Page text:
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Pablo Embon

Harmony Tales

Review by Gary Hill

I've reviewed quite a bit of music from Pablo Embon. His music always lands under progressive rock at MSJ because it's fusion and that's where we put fusion. This new album is no exception. Everything here is performed by Embon himself. You wouldn't know it when you listen, though. It sounds like a full jazz band on display. This is quite a diverse ride, and a very entertaining one.

This review is available in book (paperback and hardcover) form in Music Street Journal: 2020  Volume 5. More information and purchase links can be found at: garyhillauthor.com/Music-Street-Journal-2020.

Track by Track Review
Vintage Lover
I love the bass that dances around in the backdrop of this piece. The whole cut has a cool mellow fusion groove. The guitar soloing provides some cool melody lines. This gets pretty involved and powerful as it continues. I dig the piano solo later in the number.
Calling Out
The groove and energy of this number is great. It has some cool changes, and while the opener focused on acoustic guitar, electric drives this one. There are some lush keyboard sounds further down the road, and we get some more piano soloing. For some reason I'm reminded of things like Weather Report at times here. The guitar soloing later brings some cool angles.
For the Ones You Love
A rather Latin groove opens this. Piano solos over the top as the tune grows outward. This piece has some great jamming and is another effective one.
Nothing Left Behind
Piano brings this into being. The cut has a balladic vibe as it moves outward from there. There is some killer piano work on the tune. While it's on the mellow side, that doesn't mean it's dull. It has some great shifts and changes and really soars at times. The more guitar based movement later is classy.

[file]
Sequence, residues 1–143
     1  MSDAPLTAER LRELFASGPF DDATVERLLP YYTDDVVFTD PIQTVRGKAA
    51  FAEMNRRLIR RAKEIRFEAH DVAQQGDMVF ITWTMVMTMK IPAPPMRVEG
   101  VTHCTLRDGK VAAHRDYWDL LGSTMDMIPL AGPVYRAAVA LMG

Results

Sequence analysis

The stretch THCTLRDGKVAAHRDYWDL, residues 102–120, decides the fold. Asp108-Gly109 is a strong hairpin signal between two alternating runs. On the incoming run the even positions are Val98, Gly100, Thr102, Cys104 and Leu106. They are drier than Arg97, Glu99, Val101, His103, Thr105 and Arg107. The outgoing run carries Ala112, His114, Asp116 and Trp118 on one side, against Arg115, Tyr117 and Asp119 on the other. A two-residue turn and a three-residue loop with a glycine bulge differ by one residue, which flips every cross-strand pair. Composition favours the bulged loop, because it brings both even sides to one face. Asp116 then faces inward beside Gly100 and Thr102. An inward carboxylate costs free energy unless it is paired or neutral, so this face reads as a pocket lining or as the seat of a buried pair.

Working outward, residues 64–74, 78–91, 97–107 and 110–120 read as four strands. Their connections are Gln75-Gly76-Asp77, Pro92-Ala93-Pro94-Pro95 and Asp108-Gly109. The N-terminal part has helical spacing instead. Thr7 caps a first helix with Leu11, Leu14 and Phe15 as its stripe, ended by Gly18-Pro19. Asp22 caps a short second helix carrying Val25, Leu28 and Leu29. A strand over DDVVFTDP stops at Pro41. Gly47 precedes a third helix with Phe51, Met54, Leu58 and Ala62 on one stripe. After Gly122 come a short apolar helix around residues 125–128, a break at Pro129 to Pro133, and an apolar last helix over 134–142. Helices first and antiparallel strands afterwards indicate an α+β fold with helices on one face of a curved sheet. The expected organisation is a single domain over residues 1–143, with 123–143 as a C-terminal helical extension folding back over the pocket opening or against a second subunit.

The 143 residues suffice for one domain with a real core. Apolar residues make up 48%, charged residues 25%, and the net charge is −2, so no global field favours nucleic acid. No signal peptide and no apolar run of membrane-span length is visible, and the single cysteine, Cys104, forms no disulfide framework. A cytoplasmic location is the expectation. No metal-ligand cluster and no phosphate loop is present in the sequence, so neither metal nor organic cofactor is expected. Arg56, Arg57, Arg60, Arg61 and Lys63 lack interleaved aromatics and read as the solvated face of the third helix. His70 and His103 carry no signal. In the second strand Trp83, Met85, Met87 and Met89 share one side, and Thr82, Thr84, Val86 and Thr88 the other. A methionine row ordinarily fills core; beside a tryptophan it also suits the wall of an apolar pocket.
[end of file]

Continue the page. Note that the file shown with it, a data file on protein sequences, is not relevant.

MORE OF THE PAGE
Song of India
There is a dreamy, trippy element to this as it opens that definitely leans toward actual prog rock. The cut bursts forth from there into some up-tempo jamming. There are definite Indian musical elements introduced at times. The piano is again a centerpiece of the tune. This works through some intriguing changes and covers some cool ground.
Taste of Freedom
The jazz stylings on this are all class. This has plenty of fusion in the mix, but also a lot of traditional jazz, too. The guitar soloing brings some real magic to it.
My Little Magic Box
I know the title says "magic box," but in some ways, this piece makes me think of the kind of melody you might hear from a music box. It's gentle and pretty, but also intricate. Sure, it's more involved and orchestrated than a music box, but the melody calls it to mind for me.
The Voice of Truth
More of a standard fusion groove is on display here. The keyboards deliver melody over the top of a lot of the arrangement. In fact, the keyboards are perhaps the single biggest factor of this number. I love some of the piano work in particular. .
Too Far, Too Close
This starts with a piano-dominated, mellower arrangement. The number goes through some intriguing musical territory as Embon explores the soundscape. There is some killer guitar work later in the piece, too.
Midnight Lullaby
Again, the keyboards breathe life into this number. The cut grows as a jazz ballad sort of piece. There is some great piano soloing on this, and it remains pretty constant throughout its run.
Our Time
An energetic groove is on display here. This has some killer jamming built into it. It is definitely a piece that leans on the more purely prog rock side of things. This has some killer guitar soloing, too.
The Best of Me (remix)
This piano solo is very classy. It's a nice grounding piece, but it's also quite complex and dynamic. It has some real driving moments.
 
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